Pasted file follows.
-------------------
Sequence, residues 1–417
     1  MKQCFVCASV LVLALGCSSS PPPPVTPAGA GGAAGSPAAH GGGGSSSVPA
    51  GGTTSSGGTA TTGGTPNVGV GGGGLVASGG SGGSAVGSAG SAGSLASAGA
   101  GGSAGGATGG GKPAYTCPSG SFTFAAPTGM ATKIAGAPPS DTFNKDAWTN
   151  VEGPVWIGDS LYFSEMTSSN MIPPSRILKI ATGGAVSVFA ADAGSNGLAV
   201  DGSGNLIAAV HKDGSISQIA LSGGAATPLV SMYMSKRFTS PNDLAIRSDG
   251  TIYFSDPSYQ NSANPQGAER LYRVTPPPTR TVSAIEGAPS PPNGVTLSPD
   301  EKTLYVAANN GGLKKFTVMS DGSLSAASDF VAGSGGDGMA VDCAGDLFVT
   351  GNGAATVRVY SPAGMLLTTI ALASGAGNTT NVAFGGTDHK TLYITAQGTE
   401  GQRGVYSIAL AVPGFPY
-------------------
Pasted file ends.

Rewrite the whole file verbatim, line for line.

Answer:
Sequence, residues 1–417
     1  MKQCFVCASV LVLALGCSSS PPPPVTPAGA GGAAGSPAAH GGGGSSSVPA
    51  GGTTSSGGTA TTGGTPNVGV GGGGLVASGG SGGSAVGSAG SAGSLASAGA
   101  GGSAGGATGG GKPAYTCPSG SFTFAAPTGM ATKIAGAPPS DTFNKDAWTN
   151  VEGPVWIGDS LYFSEMTSSN MIPPSRILKI ATGGAVSVFA ADAGSNGLAV
   201  DGSGNLIAAV HKDGSISQIA LSGGAATPLV SMYMSKRFTS PNDLAIRSDG
   251  TIYFSDPSYQ NSANPQGAER LYRVTPPPTR TVSAIEGAPS PPNGVTLSPD
   301  EKTLYVAANN GGLKKFTVMS DGSLSAASDF VAGSGGDGMA VDCAGDLFVT
   351  GNGAATVRVY SPAGMLLTTI ALASGAGNTT NVAFGGTDHK TLYITAQGTE
   401  GQRGVYSIAL AVPGFPY